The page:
Roughly two-thirds of Americans (68 percent) have smartphones, and nearly half (45 percent) own tablet computers. Such devices tell us the time, date, sunrise, sunset, weather, what we need to do, when we need to do it and how we can get there. We can sync our calendars as well as our grocery to-do lists on all our devices.

We use technology to carry out even the simplest of tasks. Instead of writing, we type. Instead of using our mental math skills, we use a calculator.

As an extension of our brains, these electronic devices help us to be faster and more efficient. They save us from needing to remember and reduce the effort necessary to perform a mental task. But are all these devices contributing to a weak memory muscle?

Memory is of such critical importance to our very existence. Like most of the brain's processes, memory remains a bit of a mystery. We often talk about memory as a single thing, when, in fact, it's a congregation of several complex processes.

As such, managing incoming information is also a complex function, involving the limbic system — the hippocampus, amygdala, cingulate gyrus, thalamus, hypothalamus, epithalamus, mammillary body and other organs, many of which are relevant to the processing of memory.

According to Evan F. Risko, a Canada Research chair in Cognitive Psychology at the University of Waterloo, and co-author Sam Gilbert, a Royal Society research fellow at University College London, if we program a smartphone to remind us of an upcoming appointment, we have engaged in "cognitive offloading." This means we are using physical action to alter the information processing requirements of a task to reduce cognitive demand.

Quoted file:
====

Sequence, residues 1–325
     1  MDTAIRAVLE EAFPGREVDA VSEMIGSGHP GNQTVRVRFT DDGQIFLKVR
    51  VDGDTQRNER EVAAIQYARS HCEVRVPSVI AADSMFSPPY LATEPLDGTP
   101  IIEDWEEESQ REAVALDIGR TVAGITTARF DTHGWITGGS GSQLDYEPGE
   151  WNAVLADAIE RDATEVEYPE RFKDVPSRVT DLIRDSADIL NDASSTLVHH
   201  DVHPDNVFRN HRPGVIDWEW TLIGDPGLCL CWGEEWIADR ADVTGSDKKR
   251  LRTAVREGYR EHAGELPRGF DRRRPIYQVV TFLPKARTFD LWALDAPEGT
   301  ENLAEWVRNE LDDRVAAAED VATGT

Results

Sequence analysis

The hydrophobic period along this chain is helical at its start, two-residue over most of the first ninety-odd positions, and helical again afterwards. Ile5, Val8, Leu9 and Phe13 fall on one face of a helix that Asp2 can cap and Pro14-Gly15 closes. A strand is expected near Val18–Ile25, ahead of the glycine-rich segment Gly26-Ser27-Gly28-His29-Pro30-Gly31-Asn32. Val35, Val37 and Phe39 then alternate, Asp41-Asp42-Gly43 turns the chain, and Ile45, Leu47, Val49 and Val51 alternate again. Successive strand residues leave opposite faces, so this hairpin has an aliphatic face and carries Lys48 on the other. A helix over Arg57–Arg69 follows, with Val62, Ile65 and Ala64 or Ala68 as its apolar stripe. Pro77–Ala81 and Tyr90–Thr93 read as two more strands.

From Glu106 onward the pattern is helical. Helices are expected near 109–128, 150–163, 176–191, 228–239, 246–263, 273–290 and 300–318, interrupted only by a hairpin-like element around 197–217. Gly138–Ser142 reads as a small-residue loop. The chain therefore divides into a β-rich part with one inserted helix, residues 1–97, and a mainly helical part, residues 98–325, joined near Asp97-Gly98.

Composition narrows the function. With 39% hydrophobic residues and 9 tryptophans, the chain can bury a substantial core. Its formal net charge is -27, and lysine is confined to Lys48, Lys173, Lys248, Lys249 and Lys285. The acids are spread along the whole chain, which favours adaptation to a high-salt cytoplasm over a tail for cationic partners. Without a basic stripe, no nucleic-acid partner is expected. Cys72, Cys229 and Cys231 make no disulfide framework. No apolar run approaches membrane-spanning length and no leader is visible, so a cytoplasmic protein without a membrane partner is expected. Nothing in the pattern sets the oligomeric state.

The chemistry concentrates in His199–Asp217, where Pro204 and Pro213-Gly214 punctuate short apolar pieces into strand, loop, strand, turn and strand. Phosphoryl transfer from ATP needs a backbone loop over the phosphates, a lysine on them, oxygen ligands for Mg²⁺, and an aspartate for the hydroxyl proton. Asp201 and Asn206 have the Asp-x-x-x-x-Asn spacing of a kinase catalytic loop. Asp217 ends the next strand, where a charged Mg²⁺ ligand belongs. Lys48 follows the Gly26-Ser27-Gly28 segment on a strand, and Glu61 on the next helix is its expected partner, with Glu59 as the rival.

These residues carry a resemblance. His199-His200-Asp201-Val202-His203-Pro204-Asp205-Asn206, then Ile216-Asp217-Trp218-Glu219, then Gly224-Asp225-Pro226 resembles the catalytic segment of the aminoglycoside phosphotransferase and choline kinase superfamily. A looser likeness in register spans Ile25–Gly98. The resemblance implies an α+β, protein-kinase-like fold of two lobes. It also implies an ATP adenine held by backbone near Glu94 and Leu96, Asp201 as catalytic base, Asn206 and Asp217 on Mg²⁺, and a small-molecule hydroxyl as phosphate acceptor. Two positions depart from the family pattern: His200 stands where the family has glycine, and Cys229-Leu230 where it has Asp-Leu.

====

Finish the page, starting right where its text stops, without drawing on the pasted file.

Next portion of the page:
We write appointments down and set reminders with our smartphones or tablets, eliminating the need to use our internal cognitive abilities because we think we are being more efficient or simply because we are on mental overload. Offloading may helps us get more done faster, but storing information on our smartphones, computers or tablets may cause us to become reliant on them, ultimately affecting how we remember.

To test this theory, Risco and Gilbert sent participants off to a museum equipped with digital cameras. What they discovered was that taking photographs of objects degraded participants' abilities to remember what they saw compared to the objects they didn't photograph.

In an earlier study, when participants took a photo of each object as a whole, they remembered fewer objects and fewer details about the objects and the objects' locations in the museum than if they only observed the objects without photographing them. When participants zoomed in to photograph a specific part of the object, their subsequent recognition and detail memory was not impaired. In fact, memory for features that were not zoomed in on was just as strong as memory for features that were zoomed in on.

Risko and Gilbert plan to focus on the way offloading changes the way we think in addition to what's happening in the brain when we offload. They are also interested in the long-term consequences of living in busy, high-tech environments that encourage us to constantly offload our cognition.

According to Risko, there is much discussion about whether devices like smartphones are ruining us cognitively, but research addressing the long-term cognitive consequences of offloading to a variety of devices is limited at this point in time.